Bees · Lazer Creek Apiary · Natural Food Sources · Products and Vendors · Supplemental Feeding

Buckwheat Update

There are reasons my old laptop is at the farm, and right now the main one seems to be to induce stress eating!   But after 2 hours, I have pictures downloaded from my phone and have unsuccessfully looked through today’s buckwheat photographs in search of a bee in focus.   The bees were generally camera shy in the first place, and trying to take pictures after 2 hours in the bee yard wasn’t ideal, so here’s a picture of bee-less buckwheat!


The bees forage on the buckwheat and wildflowers from about 8:30 a.m. to lunch.   They show some interest in sugar syrup in the afternoon, but not as much as I expected.  There must still be natural nectar sources available.   I also saw three different colors of pollen coming into the hives this morning.   I didn’t see much open brood in the hives I checked today, but the queens are still fat and each hive had at least 3 frames of capped brood, some nectar, and some bee bread.    Most hives that were queenless last inspection now have active and healthy queens, but two NUCs have failed to produce a queen despite a couple of rounds of added brood.   I added them to a some weaker hives using newspaper to divide the two colonies until they get used to each other.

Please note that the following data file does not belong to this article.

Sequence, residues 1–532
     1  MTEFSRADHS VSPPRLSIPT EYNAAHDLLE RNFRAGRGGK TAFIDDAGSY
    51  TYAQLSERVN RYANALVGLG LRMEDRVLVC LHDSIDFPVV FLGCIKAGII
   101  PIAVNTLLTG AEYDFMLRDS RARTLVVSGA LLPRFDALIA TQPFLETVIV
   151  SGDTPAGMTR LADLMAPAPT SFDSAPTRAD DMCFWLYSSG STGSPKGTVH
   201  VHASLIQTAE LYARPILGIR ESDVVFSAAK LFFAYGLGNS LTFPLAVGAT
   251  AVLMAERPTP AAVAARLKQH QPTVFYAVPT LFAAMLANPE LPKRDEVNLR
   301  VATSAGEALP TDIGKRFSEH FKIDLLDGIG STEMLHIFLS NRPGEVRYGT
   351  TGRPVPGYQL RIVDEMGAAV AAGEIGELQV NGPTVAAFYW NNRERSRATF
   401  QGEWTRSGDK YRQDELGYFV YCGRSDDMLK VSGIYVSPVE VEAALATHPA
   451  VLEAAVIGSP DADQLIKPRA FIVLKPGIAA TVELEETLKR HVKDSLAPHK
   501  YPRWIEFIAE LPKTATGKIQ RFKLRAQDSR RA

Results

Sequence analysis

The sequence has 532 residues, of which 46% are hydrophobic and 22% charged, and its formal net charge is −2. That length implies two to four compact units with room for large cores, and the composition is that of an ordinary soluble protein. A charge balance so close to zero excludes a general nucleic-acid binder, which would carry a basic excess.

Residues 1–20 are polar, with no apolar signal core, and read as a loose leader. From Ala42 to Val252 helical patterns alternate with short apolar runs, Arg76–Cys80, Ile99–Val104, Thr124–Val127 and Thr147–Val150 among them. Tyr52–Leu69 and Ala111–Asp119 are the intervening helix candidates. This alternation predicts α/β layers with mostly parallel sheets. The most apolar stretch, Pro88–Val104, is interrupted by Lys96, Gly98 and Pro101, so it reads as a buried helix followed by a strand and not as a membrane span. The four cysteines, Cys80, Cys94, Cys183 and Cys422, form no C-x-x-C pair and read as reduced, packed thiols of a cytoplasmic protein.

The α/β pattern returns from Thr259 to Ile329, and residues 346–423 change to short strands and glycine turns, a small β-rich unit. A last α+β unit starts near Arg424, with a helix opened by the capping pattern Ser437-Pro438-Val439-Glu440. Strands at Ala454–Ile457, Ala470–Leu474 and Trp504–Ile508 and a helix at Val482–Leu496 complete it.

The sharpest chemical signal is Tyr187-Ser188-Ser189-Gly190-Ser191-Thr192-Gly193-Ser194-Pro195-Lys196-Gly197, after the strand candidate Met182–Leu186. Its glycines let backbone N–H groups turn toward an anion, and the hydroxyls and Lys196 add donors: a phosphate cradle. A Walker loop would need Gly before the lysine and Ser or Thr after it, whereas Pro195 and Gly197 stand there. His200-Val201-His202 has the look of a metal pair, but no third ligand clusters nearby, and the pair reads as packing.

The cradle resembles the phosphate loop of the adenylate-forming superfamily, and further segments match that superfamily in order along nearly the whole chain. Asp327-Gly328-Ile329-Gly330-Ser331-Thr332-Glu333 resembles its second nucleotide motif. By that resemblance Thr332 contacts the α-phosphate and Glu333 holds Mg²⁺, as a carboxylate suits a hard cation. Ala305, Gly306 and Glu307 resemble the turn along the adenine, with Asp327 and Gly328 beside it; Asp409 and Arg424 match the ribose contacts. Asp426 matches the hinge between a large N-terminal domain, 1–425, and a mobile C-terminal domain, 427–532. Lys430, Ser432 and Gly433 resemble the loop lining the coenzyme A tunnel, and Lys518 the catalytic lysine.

We were low on 10-frame lids, so we’d temporarily double stacked some NUCs.   Three of them were jam-packed, and I moved them to 10-frame boxes and even added supers to two of them.   I didn’t see any small hive beetles yet, but I know they’re coming.   Actually, they are probably already down at the lower apiary, but I still have 8 hives to check in the new location before I head down there.  So far, the landscape fabric below the hives appears to be making a difference — or maybe it’s just the sunnier location.

English Hive - June 2018
English Hive – June 2018

It’s clearly been a good spring as areas that were clear spring break now have weeds taller than I.  I had to cut a path to my hive before I could see if they have a new queen (they do).  I’m waiting for a rain shower that will keep the girls inside to cut the weeds in front of the hive, but I may have to just suit up and sweat my way through that little patch one evening before I come inside.    While they are not mean bees, they are a little more animated than I am used to from that hive and I don’t plan to sit outside after stirring them up.   That said, they allowed me to do a full inspection this morning and any day without a sting is a good day.

Talking of stings, Bill Turnbull’s book Confessions of a Bad Beekeeper includes hilarious tales of bee stings and the incompletely thought through decisions that led to them in a way that makes me feel good about my own mistakes while imparting some basic knowledge for people interested in the sometimes crazy hobby / business of beekeeping.   It’s an easy read and perfect for my tired brain one week into summer break.    Anyone who describes a bee stinger as a hammer with a thumbtack attached (page 5) clearly knows what he’s talking about, and a sting to the face for a television host certainly has more repercussions than a sting to a face of a teacher who only has an audience of 100 or so on any given day!